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  • Writer's pictureOpine

Stop touching me

Clubbing in the UK

By Samira Rauner

Trigger warning: sexual harassment.


Photo courtesy Mac Vincente via Flickr


You know how they say ‘love is all around’? If you replace ‘love’ with ‘sexism’, you’ve got it right.


‘Boyfriend or nah?’, he shouted. I nodded, and he walked away without another word, without having given his name or having asked mine. Yet, without any insult chucked at me, after not being interested and not having been touched without consent, this was actually one of the nicer interactions I had had going clubbing in the UK.


As if it wasn’t enough for one night to be approached by a guy who didn’t even bother asking my name and immediately replacing me with what he clearly perceived to be merely another potential subject for sex rather than an individual with what some might actually consider a personality, about ten minutes later, some other guy I had never even seen the face of, suddenly grabbed my waist from behind and started rubbing *something* against my butt.


(Un)surprisingly, I wasn’t feeling it. And, (un)surprisingly, it wasn’t just because of the rubbing.


Who would have thought...


But then again, I suppose that there really are some people who enjoy feeling a strangers’ hands on their waist, hands belonging to a person who didn’t consider it necessary to introduce themselves to you, who didn’t consider it necessary to say ‘hello’ first, ask your name, or even just let you see their face first.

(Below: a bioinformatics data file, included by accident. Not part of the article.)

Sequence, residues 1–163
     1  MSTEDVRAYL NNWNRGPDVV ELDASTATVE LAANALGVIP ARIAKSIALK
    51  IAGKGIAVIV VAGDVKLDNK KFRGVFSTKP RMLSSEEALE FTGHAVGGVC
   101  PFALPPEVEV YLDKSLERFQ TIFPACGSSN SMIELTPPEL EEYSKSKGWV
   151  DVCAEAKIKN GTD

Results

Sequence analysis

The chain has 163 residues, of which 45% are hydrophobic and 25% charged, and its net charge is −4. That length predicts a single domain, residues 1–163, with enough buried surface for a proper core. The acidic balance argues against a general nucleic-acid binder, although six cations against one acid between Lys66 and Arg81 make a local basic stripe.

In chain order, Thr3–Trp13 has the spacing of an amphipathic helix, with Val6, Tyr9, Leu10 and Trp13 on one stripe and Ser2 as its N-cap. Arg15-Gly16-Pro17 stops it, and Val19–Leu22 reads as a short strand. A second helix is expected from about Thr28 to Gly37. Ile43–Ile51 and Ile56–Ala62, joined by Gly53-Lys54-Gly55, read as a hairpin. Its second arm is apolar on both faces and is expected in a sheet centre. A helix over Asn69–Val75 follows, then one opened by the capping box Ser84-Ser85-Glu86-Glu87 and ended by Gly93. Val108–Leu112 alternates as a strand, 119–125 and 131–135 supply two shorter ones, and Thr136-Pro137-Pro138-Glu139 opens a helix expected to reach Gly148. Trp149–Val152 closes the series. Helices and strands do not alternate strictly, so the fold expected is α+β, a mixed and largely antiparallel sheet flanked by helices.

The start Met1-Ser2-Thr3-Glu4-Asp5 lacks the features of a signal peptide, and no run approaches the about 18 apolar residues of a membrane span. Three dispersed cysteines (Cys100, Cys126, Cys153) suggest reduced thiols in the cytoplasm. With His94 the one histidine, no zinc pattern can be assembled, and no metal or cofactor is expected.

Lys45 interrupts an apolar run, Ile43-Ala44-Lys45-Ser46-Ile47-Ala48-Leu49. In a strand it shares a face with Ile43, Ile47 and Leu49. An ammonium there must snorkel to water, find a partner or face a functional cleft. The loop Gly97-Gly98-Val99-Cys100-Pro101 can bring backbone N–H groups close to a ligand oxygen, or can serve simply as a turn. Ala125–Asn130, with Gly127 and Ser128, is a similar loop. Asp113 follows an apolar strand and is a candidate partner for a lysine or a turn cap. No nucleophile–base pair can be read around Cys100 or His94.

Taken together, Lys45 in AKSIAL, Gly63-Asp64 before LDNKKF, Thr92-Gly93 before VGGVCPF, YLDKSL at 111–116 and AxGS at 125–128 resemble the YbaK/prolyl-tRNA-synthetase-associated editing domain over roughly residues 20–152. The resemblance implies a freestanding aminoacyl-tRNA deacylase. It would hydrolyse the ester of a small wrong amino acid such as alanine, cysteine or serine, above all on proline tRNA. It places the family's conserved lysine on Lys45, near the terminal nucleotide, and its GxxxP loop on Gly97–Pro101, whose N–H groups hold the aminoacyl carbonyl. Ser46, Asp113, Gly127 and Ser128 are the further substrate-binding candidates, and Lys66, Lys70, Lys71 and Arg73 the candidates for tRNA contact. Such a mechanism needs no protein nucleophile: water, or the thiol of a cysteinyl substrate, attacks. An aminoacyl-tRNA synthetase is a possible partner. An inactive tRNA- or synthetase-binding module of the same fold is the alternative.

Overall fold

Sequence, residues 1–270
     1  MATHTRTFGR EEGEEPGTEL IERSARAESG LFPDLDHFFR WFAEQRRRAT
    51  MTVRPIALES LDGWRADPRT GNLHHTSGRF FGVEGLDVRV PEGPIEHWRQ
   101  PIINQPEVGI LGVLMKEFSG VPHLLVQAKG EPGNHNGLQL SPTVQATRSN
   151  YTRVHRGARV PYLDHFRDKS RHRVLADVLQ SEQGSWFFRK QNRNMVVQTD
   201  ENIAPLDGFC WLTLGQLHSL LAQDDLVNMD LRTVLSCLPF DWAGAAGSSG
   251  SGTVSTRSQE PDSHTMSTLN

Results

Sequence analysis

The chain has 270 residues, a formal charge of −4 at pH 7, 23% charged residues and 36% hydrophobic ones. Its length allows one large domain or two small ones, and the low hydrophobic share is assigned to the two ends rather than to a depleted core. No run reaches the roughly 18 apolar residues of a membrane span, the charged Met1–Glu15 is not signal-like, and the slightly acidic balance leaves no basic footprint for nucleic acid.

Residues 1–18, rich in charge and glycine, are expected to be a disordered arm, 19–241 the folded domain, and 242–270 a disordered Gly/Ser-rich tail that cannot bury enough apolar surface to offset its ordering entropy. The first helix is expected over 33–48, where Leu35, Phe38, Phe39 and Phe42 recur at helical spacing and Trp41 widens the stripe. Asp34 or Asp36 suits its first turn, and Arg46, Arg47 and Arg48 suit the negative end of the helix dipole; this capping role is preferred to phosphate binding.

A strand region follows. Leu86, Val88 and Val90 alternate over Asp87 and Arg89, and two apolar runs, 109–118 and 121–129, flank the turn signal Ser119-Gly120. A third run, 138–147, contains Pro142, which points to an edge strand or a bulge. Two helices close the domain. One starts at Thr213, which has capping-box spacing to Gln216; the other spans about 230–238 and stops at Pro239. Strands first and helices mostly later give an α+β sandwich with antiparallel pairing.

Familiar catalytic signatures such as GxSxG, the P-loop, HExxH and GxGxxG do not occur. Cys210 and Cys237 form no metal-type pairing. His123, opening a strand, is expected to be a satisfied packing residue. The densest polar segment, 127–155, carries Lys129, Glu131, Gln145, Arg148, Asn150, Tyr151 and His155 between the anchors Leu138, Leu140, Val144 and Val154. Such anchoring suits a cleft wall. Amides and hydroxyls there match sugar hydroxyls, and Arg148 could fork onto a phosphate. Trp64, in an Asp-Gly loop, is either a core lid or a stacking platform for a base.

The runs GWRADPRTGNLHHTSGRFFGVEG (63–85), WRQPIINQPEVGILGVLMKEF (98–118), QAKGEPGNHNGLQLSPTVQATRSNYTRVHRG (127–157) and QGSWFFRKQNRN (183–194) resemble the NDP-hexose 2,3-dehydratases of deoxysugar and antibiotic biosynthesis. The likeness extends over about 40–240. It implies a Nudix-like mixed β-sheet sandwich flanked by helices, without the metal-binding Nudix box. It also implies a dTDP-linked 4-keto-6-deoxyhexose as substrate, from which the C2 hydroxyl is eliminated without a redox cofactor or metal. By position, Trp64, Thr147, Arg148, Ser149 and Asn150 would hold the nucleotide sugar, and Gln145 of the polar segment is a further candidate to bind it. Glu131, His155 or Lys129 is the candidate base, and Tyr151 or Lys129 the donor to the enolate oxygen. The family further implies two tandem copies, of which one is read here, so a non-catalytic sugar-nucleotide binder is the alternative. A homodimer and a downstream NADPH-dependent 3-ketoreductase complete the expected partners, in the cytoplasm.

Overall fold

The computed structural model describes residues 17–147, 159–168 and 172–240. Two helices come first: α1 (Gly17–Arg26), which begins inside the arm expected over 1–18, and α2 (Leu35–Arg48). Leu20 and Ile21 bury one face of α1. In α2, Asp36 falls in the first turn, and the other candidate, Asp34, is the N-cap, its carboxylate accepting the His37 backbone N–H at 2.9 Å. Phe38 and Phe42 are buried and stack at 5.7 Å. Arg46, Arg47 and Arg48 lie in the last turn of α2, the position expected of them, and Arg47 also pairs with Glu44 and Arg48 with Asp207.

Because after all, where would the mystery be in that?


And if hands aren’t doing it for you, surely you’d enjoy feeling someone’s genitals pressing into your butt, or – for those true connoisseurs – a wild combination of the genitals still persistently attached to your butt, and the hands not only grabbing your waist, but holding on to it, guiding it, and moving it in a way to please those infamous genitals belonging to … ah well, who cares.


At least that is what that guy must have thought. Well, him and every other guy who has ever placed his hands on me without asking. Or maybe, maybe they just don’t think at all.


So, with his hands still grabbing on to me, I turned around, seeing the face belonging to those hands for the first time, and, across the techno, I shouted ‘You need to ask first’. He looked at me, his hands still on my waist, bewilderment and confusion stamped across his face. I repeated my line, the one line I’d repeated so many times in the past year I’ve lost count, and pushed his hands away.


Contrary to expectation, he neither started insulting me nor walked away; instead, he actually seemed considerate: ‘Can I dance with you?’, he asked.


‘No’, I said.



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